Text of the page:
College investigated head of curriculum’s racist tweets yet he kept his job until FE Week started asking questions

College investigated head of curriculum’s racist tweets yet he kept his job until FE Week started asking questions

A curriculum head at one of London’s largest colleges sent a string of racist, homophobic and abusive tweets but was allowed to keep his job despite an internal investigation.

Glen Maybury, who was head of leisure, health and public services at the City of Westminster College, used his personal Twitter account to make a number of unpleasant public posts, as well as retweeting a number of Islamophobic and anti-Semitic comments made by others, for several years.

According to the college’s senior leadership, a disciplinary investigation was launched in May this year after other members of staff made complaints about Mr Maybury’s conduct.

However, while the former curriculum lead is no longer an employee at the college, evidence seen by FE Week appears to prove that he had been allowed to return to his full-time role until at least September 7 this year, almost exactly around the time that this paper got in touch.

Senior staff were told suddenly on September 8 that Mr Maybury would be leaving at “lunchtime”, just a couple of hours after FE Week rang the college, anonymous whistleblowers have said.

These same sources confirmed that Mr Maybury had been seen in college this month, though its principal Keith Cowell insisted that this would just have been while he packed up his desk.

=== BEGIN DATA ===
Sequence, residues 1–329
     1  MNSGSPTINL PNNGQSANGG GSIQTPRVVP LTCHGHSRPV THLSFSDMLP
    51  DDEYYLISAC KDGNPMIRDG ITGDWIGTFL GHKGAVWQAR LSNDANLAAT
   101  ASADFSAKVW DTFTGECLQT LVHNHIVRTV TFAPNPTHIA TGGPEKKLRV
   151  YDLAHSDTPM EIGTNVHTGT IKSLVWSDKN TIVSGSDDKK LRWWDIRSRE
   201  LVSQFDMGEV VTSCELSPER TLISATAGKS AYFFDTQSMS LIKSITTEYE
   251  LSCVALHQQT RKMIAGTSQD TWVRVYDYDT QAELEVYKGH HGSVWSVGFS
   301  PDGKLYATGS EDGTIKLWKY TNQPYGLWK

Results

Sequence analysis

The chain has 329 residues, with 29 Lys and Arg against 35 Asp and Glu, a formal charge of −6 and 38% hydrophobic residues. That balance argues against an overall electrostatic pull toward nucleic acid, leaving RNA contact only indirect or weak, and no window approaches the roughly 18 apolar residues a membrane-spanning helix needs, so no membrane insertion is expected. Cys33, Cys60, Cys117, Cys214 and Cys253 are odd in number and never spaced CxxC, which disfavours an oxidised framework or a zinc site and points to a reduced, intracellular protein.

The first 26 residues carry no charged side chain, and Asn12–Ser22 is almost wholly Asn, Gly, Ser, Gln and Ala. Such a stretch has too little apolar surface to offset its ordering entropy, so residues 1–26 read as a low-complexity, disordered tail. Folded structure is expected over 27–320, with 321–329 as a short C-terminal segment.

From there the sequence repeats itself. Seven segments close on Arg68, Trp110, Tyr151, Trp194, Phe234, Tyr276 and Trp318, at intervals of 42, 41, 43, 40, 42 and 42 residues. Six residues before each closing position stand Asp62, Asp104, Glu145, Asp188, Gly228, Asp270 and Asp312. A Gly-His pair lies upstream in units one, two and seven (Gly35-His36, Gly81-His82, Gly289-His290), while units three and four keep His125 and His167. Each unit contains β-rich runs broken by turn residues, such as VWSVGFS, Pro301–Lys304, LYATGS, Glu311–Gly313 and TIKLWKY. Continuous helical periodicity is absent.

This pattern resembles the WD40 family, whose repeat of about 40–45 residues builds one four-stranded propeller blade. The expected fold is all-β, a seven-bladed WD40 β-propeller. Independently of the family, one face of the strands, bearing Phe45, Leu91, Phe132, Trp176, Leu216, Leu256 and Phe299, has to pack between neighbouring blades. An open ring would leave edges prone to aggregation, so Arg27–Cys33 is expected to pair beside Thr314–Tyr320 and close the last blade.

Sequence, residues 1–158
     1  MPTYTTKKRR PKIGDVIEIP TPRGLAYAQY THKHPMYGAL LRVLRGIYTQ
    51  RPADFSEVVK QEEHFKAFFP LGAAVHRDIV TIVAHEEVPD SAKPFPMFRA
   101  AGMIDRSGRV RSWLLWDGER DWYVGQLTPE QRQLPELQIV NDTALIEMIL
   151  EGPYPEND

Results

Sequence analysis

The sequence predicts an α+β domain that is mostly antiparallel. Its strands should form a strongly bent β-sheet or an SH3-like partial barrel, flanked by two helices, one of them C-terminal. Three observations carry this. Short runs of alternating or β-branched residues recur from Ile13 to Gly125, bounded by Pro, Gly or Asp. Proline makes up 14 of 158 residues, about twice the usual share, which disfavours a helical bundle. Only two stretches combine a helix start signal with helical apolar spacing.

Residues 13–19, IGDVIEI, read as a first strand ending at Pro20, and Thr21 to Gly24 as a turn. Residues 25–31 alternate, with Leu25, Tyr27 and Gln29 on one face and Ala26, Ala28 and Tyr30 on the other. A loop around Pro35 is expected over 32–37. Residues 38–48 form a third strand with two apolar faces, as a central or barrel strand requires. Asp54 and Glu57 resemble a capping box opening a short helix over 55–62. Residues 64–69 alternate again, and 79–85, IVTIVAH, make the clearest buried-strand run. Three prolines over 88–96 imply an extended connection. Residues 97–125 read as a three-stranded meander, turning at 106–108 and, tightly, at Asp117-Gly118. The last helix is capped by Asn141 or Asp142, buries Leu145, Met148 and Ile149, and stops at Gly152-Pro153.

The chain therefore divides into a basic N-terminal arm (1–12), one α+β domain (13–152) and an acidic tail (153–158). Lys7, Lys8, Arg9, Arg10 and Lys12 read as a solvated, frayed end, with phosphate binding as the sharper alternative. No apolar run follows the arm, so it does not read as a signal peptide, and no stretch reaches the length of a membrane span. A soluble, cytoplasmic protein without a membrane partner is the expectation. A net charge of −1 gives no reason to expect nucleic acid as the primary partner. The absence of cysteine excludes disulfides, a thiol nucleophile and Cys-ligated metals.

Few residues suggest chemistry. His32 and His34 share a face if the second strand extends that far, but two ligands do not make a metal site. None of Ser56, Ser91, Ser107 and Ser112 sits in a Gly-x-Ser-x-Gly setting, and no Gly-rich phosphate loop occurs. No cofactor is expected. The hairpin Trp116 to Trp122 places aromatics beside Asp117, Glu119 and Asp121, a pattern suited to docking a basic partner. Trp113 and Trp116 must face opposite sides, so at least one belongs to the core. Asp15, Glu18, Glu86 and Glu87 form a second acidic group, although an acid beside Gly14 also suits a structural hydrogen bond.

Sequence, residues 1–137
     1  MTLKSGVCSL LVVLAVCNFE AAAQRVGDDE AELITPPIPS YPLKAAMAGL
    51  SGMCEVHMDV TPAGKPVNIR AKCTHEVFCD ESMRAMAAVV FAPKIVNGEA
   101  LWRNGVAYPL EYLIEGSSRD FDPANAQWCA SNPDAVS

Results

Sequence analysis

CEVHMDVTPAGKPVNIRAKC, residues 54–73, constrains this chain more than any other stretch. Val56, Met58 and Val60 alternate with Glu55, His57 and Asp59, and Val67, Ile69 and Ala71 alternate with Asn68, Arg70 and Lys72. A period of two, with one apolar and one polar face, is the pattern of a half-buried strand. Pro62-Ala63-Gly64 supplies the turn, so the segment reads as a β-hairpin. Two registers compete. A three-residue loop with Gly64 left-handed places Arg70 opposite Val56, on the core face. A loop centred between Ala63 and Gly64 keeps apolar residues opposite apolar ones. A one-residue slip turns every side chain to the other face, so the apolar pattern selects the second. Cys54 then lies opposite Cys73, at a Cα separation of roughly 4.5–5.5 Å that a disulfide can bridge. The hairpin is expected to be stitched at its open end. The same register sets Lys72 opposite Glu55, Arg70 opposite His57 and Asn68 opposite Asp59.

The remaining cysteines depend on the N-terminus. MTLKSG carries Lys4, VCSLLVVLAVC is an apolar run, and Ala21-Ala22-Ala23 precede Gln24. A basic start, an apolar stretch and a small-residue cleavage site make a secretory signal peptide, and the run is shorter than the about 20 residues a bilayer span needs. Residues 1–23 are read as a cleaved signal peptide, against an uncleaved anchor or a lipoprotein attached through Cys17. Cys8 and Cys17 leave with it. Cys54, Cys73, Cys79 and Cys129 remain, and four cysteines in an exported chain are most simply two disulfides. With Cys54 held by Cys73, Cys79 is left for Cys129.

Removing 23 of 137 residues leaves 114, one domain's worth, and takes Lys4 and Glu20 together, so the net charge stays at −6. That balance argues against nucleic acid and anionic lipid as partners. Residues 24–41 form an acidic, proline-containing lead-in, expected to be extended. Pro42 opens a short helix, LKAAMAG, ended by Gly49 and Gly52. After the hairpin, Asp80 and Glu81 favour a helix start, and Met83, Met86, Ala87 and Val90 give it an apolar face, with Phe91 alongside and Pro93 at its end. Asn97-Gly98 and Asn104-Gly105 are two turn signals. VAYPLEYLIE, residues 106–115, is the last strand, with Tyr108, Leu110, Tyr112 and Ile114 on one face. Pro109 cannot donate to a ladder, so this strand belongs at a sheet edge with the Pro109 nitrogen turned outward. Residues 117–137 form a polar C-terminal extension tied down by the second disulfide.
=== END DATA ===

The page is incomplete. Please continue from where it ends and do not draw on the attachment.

“I can confirm to you that he is not an employee at the college. He may have been in college to hand over and pick up personal effects. I don’t know what his movements are, but he is not employed by us,” said Mr Cowell.

When pressed as to whether Mr Maybury was no longer an employee of the college on the morning of September 8, Mr Cowell replied: “Yes. Yes. That’s what I said.”

Graphic tweets sent by Mr Maybury, seen by FE Week, include him insulting other Twitter users with comments like “you f****** r*****asaurus c***” and “you p***o”, as well as slurs against London Mayor Sadiq Khan and Jewish people, and offensive images of black people and genitalia, which were posted from 2013 to 2015.

The City of Westminster College, which has 7,000 students at two sites in Paddington and Queen’s Park in north London, is ethnically diverse, with 17 per cent of students coming from an Asian background, seven per cent from an Arab background, and 26 per cent from an African, black or Caribbean background.

“When these types of action take place in an institution that is meant to prevent discrimination, radicalisation and promote British values, how can these students have faith in the system?” asked the whistleblowers, speaking to FE Week.

Mr Cowell admitted that a disciplinary process had been launched earlier this year to investigate the incidents, and confirmed that this was “concluded in July”. The principal insisted that he could not confirm the outcome of the investigation owing to “data protection” issues.

Despite this, one source told FE Week that Mr Maybury had been working in his usual role from the start of term on August 23, at least until September 7 and possibly even on the morning of September 8.

This claim is backed up by an email sent to staff and seen by FE Week, which shows a “Glen Maybury” discussing college matters from an official account on September 8 – possibly indicating that any disciplinary procedure that had been carried out by the college earlier this year had indeed not led to him losing his job.

Lyndon Sly, the director for culture, media and sport – whose department Mr Maybury belonged to – also called for an emergency staff meeting on a “private” matter which was scheduled for the morning of September 9, FE Week can confirm.

Mr Cowell told FE Week that staff were confused about the situation surrounding Mr Maybury’s position.

“What I’m saying is it’s perfectly feasible that he might have been in the building,” he said. “But your contacting today has been useful as far as that’s concerned, because it seems we were unaware that there was confusion on the issue.

“If there is a sense of confusion we can certainly clarify that with the relevant staff.”